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CALM Scoops Double Win at IPC Media & Guardian Charity Awards

The suicide prevention work of CALM has been recognised with two high profile media awards in the space of 24 hours.

On Monday CALM – the Campaign Against Living Miserably – was voted as charity of the year for 2013 by staff at leading consumer magazine and digital publisher IPC Media. Then today the organisation was one of five charities honoured at the Guardian Charity Awards 2012.

“Everyone at CALM is totally delighted with this news,” said Jane Powell, Director of CALM. “Suicide is one of society’s last taboos and it has been tough raising the issue and raising funds over the last few years, despite the fact that suicide is the single biggest killer of young men in the UK. These awards are totally unexpected opportunities for us and we’re determined to make the most of them. We are all really looking forward to building upon this success in the year ahead.” 

Staff at IPC Media selected CALM as its 2013 charity of the year following a two-week voting process in which they were invited to choose from four organisations shortlisted by the publishing giant’s charity selection committee.

Lois Duguid of the IPC Media charity selection committee said: “We had a record number of people voting this year, emphasising how highly our employees value supporting charities through volunteering and participating in fund-raising activities. CALM is a very small charity started on minimum funding, so it’s great that we will be able to make a difference to an organisation dealing with life or death issues in the most direct sense.”

The Guardian Charity Awards seek to honour five small to medium sized charities that are making a significant contribution to improving social wellbeing in the UK, and give a much needed boost to such organisations that often get overshadowed by bigger players in the voluntary sector. Lynne Berry, a judge of the Guardian Charity Awards said: “CALM grabbed our attention from the start. Their entry showed just how shocking the figures relating to men’s experiences of mental health are and they have successfully helped to make mental illness widely understood through a clever use of branding and media.”

CALM exists to prevent male suicide, the leading killer of young men in the UK. It is championed by musicians, DJs, comedians, artists and poets who lend their voices, passion and creativity to CALM, and enable them successfully to reach a young male audience. Hundreds of suicides could be prevented every year if only men felt that they could access help when they needed it, and not be seen as ‘less of a man’.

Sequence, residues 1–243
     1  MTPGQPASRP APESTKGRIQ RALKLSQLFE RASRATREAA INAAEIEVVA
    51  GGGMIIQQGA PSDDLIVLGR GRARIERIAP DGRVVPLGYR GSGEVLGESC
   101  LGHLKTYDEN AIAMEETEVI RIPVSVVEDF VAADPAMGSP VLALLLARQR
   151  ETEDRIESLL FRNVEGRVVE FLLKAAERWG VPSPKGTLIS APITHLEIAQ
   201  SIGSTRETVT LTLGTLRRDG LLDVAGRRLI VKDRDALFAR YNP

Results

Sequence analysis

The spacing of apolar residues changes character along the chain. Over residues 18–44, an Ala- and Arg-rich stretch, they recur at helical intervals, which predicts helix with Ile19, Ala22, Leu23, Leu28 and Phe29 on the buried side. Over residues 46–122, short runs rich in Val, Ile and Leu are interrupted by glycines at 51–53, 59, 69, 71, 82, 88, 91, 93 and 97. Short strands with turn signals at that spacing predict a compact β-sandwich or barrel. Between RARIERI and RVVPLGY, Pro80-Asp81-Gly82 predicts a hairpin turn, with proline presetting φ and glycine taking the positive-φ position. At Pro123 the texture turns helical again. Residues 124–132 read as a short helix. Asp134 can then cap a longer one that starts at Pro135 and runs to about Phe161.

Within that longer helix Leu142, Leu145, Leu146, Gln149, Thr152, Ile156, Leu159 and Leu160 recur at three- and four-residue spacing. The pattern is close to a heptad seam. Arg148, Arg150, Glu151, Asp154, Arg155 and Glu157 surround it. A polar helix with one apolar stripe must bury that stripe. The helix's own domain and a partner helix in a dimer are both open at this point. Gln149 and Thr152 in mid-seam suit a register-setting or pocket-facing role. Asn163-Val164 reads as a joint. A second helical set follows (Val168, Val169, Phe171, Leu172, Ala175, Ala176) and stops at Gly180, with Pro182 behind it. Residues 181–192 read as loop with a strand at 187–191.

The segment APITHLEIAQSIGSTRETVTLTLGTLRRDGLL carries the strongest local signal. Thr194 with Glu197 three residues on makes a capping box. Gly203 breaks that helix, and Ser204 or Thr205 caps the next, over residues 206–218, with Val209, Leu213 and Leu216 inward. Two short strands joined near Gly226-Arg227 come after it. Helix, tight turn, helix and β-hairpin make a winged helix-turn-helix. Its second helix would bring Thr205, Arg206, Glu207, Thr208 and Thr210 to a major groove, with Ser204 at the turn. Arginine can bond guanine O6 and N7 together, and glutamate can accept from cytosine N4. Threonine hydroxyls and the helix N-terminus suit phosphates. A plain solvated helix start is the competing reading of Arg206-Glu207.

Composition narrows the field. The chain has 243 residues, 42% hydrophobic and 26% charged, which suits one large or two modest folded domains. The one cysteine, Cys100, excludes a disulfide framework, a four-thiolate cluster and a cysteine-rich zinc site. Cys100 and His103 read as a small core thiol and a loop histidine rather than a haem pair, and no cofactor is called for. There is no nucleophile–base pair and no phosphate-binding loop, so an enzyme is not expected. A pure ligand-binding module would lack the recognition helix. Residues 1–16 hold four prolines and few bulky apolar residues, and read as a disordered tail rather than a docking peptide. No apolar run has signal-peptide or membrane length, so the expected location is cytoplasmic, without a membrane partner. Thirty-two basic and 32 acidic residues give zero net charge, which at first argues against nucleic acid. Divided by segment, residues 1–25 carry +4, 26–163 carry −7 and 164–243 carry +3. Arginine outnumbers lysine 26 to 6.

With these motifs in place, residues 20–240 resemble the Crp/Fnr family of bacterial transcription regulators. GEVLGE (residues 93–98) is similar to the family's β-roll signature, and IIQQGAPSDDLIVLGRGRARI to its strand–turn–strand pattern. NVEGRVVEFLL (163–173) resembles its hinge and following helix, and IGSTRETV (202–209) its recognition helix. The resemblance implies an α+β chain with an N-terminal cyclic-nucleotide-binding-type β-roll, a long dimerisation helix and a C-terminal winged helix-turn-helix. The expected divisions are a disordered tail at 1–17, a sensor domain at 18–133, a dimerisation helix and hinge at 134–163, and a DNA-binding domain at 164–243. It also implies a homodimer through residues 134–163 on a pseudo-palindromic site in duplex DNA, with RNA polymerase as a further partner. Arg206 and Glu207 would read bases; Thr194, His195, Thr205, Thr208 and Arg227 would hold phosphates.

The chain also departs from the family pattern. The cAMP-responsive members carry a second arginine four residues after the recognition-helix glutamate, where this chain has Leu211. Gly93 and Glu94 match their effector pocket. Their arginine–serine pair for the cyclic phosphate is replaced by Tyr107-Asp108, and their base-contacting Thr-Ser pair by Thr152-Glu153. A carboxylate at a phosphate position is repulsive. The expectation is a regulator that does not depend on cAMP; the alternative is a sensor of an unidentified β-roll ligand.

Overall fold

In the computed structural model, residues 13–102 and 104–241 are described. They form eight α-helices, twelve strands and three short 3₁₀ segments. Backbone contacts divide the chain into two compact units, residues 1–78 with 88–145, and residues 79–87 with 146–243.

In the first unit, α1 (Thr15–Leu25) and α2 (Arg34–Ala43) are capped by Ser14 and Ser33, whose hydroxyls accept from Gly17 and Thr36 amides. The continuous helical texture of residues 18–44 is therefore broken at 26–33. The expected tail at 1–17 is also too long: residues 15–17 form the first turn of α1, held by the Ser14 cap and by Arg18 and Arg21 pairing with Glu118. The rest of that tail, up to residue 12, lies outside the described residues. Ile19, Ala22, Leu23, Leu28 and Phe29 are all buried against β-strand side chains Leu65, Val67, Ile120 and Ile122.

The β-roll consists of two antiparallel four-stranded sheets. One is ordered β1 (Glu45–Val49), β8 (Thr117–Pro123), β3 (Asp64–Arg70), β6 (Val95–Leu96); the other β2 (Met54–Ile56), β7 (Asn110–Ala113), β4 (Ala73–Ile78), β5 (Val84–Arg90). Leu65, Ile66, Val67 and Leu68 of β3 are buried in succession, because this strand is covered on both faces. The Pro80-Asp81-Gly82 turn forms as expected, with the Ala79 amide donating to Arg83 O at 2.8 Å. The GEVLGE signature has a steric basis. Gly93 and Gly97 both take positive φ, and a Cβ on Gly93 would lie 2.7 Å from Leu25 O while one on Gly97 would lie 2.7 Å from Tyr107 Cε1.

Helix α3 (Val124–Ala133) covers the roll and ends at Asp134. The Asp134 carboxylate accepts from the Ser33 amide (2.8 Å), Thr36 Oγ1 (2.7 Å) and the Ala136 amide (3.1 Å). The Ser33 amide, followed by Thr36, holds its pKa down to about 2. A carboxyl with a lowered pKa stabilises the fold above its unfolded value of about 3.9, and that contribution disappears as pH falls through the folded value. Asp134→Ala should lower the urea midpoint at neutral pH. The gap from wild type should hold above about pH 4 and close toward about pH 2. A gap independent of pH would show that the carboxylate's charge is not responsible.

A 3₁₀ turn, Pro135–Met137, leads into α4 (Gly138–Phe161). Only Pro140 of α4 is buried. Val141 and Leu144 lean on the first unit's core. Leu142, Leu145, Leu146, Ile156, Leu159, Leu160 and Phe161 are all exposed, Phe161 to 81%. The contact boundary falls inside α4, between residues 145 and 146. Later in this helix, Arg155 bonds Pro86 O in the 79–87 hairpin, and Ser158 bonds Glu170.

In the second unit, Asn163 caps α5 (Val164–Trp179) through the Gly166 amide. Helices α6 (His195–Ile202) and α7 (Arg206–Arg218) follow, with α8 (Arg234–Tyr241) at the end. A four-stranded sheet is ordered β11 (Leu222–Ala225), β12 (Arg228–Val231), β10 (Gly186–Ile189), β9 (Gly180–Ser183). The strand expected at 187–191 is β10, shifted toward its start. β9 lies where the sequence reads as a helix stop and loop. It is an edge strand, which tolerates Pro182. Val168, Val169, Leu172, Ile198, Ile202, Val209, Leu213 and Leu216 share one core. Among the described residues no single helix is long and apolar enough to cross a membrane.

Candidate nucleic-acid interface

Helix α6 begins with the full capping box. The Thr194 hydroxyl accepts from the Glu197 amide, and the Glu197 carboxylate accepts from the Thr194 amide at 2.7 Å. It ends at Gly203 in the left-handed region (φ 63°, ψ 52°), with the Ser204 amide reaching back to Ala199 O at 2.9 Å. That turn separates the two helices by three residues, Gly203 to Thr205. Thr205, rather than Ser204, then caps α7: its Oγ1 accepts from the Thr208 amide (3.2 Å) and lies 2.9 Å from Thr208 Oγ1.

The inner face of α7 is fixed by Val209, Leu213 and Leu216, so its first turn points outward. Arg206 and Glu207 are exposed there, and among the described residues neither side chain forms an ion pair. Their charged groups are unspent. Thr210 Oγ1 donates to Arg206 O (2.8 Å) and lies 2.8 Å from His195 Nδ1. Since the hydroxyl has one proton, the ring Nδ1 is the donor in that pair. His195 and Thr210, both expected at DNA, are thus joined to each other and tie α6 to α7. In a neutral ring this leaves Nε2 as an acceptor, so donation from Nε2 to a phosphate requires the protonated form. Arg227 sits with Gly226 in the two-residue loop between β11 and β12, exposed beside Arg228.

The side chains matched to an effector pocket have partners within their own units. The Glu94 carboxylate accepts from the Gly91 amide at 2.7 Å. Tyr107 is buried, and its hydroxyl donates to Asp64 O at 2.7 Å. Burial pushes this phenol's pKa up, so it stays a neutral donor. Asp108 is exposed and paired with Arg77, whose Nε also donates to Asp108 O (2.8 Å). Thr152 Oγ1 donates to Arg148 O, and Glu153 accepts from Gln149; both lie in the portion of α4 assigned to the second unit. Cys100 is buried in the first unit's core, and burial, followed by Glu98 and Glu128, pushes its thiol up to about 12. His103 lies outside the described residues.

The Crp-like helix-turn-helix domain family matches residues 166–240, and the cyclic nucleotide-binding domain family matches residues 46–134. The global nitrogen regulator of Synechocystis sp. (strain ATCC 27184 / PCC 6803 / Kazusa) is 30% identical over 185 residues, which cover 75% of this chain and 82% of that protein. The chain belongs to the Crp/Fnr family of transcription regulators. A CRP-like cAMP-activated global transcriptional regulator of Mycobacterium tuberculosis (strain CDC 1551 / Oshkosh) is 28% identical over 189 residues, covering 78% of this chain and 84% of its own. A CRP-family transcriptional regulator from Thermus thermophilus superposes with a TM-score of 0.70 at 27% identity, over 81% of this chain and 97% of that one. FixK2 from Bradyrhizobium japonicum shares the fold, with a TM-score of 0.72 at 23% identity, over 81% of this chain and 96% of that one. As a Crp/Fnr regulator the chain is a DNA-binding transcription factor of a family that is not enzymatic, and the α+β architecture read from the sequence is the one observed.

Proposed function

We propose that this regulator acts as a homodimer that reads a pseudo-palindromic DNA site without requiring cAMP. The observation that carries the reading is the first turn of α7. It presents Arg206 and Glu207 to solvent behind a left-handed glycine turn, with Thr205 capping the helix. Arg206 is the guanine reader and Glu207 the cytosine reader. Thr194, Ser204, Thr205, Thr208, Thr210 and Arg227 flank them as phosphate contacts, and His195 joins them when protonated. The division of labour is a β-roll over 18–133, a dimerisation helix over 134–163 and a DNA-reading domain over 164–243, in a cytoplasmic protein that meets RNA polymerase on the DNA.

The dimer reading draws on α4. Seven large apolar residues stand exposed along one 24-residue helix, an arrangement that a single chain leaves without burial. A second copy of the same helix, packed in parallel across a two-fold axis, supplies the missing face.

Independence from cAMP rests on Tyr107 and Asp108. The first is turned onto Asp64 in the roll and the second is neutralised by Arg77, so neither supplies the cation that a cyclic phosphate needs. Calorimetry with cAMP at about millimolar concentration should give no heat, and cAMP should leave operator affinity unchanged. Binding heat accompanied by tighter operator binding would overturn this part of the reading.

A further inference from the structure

CALM offers immediate support to men who are down or in a crisis, as well as challenging a culture that prevents men from seeking help, and pushing for organisational change so that those seeking help receive better support. The CALM helpline and texting service is free, confidential and anonymous, running seven evenings a week from 5pm to midnight. Website www.thecalmzone.net is aimed specifically at men and contains articles to inspire, support and entertain as well as promoting the activities of our supporters.  CALM are currently commissioned to actively promote it’s services in Merseyside and London, but the helpline is available nationally.

CALM Helpline details:

Nationwide: 0800 58 58 58

London: 0808 802 58 58, Text: CALM1 to 07537 404717

Merseyside: Text CALM2 to 07537 404717

5pm – midnight, 7 days a week, every day of the year.

Calls & texts are anonymous and confidential.  Calls to the helpline are free from landlines, payphones and most mobile networks.  Calls won’t show up on your phone bill.  We don’t charge for texts, but networks might.

To donate to CALM go to www.justgiving.com/CALM

 

 

Disclaimer: The views expressed in this article or in the comments below, are not those held by CALM or its Trustees unless stated, and liability cannot be accepted for such comments. We encourage friendly and constructive debate, but please don't share personal contact details when commenting and exercise caution when considering any advice offered by others. We don’t allow abusive, offensive or inappropriate comments or comments that could be interpreted as libellous, defamatory or commercial and we will remove these without warning as and when we find them.

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